Igneous Cooling Rates, Crystal Size, and NOT Getting the 'Right' Experimental Results
Participants will make observations of real experimental results, watch videos of thymol experiments, and consider the role of the teacher in facilitating argumentation and modeling in the classroom.
The organic compound thymol, with a melting temperature of 48°C, can be used to give students an opportunity to experiment with the effects of cooling rate on crystal size. We examine how a cookbook lab, which was designed to 'confirm textbook information,' can be transformed into an authentic scientific investigation in which students and teacher face unexpected results together. These experimental surprises give opportunity for student-student and teacher-student interactions in which students argue from evidence, develop models for what's happening during crystallization, and revise and redo experiments in response to new understanding.
Attendees will examine typical products of thymol cooling-rate experiments, evaluate how well the experiments support the textbook model, and consider possible causes of discrepancies. We will watch videos of cooling-rate experiments and consider how students and teachers together can develop their own models to explain what's going on. We will examine not only how students become engaged in real science investigation when results are unexpected, but how the teacher as a practitioner of science is a necessary ingredient in mentoring students through thinking about those unexpected results.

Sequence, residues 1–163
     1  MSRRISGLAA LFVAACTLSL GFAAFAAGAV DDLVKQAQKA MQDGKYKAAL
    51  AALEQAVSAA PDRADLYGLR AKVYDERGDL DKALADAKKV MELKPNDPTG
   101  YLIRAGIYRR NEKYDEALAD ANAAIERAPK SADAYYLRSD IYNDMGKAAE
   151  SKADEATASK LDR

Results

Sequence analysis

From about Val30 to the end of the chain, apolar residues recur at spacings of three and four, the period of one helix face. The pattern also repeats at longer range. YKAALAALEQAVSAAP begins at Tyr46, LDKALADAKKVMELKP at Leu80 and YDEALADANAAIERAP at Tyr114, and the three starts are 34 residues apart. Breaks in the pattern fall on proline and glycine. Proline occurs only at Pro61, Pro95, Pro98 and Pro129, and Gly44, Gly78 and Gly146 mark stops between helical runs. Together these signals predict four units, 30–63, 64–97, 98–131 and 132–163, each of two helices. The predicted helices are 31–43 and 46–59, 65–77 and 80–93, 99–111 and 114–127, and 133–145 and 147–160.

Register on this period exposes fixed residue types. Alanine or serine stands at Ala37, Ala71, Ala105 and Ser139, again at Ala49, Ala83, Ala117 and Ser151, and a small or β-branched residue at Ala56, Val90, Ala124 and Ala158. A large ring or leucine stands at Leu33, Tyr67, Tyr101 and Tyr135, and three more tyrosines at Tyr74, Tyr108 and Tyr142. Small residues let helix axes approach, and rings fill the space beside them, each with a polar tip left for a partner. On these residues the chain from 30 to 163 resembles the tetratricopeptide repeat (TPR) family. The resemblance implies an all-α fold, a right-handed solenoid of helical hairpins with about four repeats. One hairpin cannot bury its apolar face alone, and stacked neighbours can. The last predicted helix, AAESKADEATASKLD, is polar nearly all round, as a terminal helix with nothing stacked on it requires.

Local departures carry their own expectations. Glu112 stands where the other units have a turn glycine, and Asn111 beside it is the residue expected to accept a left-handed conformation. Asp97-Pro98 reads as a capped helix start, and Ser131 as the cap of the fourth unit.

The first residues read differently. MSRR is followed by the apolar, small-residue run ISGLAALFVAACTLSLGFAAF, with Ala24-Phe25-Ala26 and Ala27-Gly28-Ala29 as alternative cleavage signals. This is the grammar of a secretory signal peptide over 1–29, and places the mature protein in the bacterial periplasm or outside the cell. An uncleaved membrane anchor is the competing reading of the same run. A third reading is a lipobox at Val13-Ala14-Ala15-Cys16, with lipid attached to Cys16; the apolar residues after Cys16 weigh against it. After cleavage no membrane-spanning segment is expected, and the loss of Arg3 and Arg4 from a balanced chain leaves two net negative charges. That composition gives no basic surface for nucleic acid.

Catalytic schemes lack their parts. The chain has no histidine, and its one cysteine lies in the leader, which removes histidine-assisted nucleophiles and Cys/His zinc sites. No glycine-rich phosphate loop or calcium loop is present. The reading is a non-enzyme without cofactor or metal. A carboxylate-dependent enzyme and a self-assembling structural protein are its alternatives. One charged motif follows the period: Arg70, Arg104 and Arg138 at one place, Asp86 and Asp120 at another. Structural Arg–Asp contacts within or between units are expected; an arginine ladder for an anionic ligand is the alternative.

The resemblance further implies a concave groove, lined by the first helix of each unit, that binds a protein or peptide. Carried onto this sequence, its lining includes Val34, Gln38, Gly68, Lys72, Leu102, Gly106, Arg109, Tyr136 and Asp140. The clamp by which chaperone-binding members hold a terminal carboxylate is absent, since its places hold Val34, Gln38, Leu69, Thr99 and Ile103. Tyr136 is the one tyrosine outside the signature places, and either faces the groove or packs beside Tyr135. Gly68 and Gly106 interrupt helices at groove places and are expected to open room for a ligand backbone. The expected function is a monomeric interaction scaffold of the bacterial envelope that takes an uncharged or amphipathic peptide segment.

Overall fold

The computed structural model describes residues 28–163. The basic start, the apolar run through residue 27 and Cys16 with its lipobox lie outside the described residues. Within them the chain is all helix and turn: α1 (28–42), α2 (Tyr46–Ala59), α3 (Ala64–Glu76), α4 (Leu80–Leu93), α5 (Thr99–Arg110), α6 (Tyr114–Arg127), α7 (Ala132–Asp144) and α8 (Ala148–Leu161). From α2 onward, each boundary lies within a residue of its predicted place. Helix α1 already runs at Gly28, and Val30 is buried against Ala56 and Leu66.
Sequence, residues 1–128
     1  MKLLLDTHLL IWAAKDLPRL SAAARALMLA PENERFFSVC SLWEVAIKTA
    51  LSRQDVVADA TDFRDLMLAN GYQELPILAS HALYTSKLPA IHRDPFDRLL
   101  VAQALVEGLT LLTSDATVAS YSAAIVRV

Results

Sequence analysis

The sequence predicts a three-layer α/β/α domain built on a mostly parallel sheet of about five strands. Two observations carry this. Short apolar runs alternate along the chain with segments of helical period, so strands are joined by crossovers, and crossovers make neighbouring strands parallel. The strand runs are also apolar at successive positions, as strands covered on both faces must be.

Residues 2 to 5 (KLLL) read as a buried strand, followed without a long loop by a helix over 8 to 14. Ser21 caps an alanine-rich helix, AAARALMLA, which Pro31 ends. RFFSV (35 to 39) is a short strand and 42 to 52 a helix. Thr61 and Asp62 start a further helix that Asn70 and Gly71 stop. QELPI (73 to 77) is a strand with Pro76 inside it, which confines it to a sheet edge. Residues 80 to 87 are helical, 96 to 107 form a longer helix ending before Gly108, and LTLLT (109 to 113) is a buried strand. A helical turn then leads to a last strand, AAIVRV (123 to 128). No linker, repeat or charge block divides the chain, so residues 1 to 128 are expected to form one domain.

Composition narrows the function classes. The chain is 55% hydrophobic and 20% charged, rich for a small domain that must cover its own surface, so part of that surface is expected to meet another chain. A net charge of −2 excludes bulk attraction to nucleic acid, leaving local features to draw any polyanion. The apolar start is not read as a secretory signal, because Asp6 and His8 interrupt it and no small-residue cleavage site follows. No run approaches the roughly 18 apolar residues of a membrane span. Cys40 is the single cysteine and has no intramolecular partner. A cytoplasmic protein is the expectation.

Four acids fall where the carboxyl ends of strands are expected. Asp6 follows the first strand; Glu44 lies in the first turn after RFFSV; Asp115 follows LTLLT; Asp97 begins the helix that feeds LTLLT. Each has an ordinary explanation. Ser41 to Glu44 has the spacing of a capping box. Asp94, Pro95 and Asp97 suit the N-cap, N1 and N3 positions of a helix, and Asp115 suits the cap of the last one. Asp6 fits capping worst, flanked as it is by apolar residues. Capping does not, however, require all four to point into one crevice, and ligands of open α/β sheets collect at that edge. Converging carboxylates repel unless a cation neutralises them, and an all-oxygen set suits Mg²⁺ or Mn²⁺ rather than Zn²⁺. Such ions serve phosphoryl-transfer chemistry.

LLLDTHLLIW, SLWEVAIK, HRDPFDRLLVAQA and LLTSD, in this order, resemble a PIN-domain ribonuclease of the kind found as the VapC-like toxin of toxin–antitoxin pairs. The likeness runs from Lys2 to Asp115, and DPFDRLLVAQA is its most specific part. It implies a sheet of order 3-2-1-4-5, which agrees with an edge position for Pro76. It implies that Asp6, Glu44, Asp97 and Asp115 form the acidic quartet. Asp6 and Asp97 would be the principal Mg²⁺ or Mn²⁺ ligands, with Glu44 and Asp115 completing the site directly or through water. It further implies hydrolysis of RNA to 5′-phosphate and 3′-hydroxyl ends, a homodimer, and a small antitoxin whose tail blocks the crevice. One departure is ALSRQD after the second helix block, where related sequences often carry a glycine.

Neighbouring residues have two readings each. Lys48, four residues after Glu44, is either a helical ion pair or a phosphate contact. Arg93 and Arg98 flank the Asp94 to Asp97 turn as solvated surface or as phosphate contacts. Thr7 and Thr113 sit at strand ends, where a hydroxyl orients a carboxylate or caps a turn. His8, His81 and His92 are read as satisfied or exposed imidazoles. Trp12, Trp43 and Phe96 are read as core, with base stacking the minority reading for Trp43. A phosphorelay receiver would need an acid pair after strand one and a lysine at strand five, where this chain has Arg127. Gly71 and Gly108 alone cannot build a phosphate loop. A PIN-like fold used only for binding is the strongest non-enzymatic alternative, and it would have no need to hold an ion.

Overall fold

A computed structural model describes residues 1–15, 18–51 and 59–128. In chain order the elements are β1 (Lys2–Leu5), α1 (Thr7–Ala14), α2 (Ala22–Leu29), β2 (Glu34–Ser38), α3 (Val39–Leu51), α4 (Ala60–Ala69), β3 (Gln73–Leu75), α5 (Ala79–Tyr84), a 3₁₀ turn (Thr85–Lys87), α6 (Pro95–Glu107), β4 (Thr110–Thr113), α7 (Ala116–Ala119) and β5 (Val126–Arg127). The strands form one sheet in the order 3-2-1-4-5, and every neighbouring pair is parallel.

This activity is appropriate for 8th grade, high school, or introductory college students and might be particularly appropriate as a college science methods class activity.
Why It Works
Real science investigation rarely provides straightforward answers that simply confirm a preconceived notion. Rather, real science involves observation of puzzling phenomena that require arguing from evidence, model creation and revision, and often new experimental designs to test developing ideas. The activity we propose provides opportunities to consider experimental results that are rarely simple or straightforward but which nevertheless bear on ideas important in reading the stories that rocks tell. It does so while giving students and teacher the chance to work together in a collaborative environment.